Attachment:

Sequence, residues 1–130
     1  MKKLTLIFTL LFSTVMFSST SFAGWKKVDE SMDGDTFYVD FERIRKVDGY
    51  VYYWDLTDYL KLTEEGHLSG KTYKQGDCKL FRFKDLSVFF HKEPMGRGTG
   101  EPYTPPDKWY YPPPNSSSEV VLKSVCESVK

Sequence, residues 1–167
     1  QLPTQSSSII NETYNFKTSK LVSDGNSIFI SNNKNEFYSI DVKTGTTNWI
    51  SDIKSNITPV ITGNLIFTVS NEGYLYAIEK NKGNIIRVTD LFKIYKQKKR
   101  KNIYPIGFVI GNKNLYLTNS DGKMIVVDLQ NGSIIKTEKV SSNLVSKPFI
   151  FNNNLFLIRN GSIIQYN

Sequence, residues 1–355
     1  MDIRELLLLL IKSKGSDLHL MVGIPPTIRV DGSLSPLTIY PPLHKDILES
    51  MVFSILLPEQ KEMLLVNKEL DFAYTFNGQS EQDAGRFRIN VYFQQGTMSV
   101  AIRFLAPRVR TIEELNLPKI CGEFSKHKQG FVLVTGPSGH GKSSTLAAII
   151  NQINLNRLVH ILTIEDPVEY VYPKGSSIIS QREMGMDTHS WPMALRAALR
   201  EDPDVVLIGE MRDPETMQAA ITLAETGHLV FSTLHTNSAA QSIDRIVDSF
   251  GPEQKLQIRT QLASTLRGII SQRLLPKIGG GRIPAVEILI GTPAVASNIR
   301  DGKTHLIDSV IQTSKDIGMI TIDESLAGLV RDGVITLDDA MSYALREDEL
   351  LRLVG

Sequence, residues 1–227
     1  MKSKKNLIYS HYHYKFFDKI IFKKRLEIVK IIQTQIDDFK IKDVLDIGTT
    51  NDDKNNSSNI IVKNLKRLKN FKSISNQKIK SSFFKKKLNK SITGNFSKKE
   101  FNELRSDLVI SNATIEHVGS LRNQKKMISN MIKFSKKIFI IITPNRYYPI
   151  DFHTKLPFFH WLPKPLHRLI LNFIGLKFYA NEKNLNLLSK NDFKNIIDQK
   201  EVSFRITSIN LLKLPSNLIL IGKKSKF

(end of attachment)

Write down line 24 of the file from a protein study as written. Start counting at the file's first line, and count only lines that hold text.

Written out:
   201  EVSFRITSIN LLKLPSNLIL IGKKSKF